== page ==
White House National Security Adviser Robert O’Brien on Friday doubled down on a plan first announced by President Trump last week to withdraw the number of U.S. troops in Afghanistan to 2,500 by Christmas, despite pushback from top Pentagon leaders.
“When I speak and talk about troop levels and that sort of thing, look, I’m a staffer. I staff the president of the United States. It’s not my practice to speculate. Other people can interpret that what I say is a speculation or not, but I wasn’t speculating then, I wasn’t speculating today,” Mr. O’Brien said during a virtual event hosted by the Aspen Security Forum.
“And so when I’m speaking, I’m speaking for the president. And I think that’s what the Pentagon is moving out and doing,” he said.
In a surprise tweet last week, Mr. Trump claimed that all troops will be out of Afghanistan by the beginning of next year, fueling fresh questions about a U.S. exit plan that looks to be accelerating even as American forces remain at war with an emboldened Taliban.
Gen. Mark A. Milley, chairman of the Joint Chiefs of Staff, this week refused to confirm the rapid withdrawal timeline and said only that the U.S. is in the process of cutting its force to about 4,500 service members, down from the roughly 12,000 American forces stationed in the country at the beginning of 2020.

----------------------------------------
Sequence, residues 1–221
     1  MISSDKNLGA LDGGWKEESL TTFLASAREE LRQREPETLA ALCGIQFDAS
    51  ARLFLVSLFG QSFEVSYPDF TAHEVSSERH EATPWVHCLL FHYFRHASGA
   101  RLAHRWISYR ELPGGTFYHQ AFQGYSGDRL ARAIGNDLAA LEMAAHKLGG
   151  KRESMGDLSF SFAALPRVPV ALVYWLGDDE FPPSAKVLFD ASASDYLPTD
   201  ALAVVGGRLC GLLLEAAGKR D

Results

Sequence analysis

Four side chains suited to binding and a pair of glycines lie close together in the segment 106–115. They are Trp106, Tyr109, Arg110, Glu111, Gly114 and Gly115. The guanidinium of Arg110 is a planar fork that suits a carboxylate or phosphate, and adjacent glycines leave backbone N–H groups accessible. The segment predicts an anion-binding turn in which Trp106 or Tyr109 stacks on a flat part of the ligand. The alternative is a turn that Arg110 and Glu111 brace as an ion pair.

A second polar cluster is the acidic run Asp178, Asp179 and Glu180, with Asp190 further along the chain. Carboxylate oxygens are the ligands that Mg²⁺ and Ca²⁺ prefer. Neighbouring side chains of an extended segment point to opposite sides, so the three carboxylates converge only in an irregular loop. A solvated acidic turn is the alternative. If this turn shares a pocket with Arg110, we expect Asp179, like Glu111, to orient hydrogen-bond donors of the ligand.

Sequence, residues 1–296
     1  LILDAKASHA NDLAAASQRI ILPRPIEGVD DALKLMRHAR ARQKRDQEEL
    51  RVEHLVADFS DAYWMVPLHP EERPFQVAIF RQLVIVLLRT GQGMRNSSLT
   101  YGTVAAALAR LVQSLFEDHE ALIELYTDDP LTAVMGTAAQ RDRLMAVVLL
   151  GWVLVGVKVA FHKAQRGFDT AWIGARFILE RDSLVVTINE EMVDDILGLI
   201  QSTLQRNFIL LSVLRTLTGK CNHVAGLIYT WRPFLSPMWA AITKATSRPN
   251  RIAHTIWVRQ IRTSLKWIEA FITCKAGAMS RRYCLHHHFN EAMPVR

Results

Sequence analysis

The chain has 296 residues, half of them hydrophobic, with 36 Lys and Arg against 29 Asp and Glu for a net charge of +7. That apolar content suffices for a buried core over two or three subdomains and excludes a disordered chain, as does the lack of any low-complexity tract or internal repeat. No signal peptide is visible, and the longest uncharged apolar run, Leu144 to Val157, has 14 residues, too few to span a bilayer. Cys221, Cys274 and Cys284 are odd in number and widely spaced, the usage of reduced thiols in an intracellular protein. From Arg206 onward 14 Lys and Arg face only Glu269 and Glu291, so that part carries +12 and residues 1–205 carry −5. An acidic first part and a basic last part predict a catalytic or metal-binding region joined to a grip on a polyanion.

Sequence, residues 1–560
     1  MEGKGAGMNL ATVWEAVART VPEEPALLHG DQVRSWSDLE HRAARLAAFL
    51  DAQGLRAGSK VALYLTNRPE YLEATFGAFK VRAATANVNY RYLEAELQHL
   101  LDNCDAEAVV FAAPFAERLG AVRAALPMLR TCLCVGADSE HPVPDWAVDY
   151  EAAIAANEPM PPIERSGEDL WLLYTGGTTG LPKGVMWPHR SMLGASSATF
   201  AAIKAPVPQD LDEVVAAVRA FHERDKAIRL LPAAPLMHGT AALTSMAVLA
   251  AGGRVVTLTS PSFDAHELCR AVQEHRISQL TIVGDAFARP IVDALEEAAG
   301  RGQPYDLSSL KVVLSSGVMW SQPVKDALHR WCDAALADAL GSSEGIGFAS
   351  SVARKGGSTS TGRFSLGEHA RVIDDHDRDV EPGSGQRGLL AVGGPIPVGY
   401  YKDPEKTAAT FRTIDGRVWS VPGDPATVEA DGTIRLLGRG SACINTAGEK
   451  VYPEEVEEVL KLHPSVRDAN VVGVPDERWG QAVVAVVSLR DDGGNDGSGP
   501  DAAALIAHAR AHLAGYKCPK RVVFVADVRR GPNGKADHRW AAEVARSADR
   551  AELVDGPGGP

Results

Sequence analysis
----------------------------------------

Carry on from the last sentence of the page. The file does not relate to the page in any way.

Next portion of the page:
“We have a plan, a series of responsible drawdown options that has been briefed to the president. I’m not going to go into specific numbers for the future,” Gen. Milley told NPR in an interview Monday. “I think that Robert O’Brien or anyone else can speculate as they see fit. I’m not going to engage in speculation. I’m going to engage in the rigorous analysis of the situation based on the conditions and the plans that I am aware of and my conversations with the president.”
At its peak in 2011, the U.S. had about 100,000 troops in Afghanistan. That figure dropped to under 9,000 by the time former President Obama left office.
The Trump administration this year struck an agreement with the Taliban in February which laid the groundwork for the U.S. withdrawal in exchange for promises that the Taliban would never again allow the country to be a safe haven for terrorist organizations such as al Qaeda.
But the conflicting statements from top U.S. officials have left the Afghan government confused on the true course of action.
Abdullah Abdullah, who has led the Afghan government’s delegation in ongoing talks with the Taliban, said Thursday that despite Mr. Trump’s tweet, confusion continues to surround the logistics of the troop withdrawal.
“Nobody has given any clarity,” Mr. Abdullah said in an interview with Financial Times, citing the looming drawdown.
“If the U.S. withdraws, then they can come back by force,” he said of Taliban fighters. “They might see it in their advantage.”
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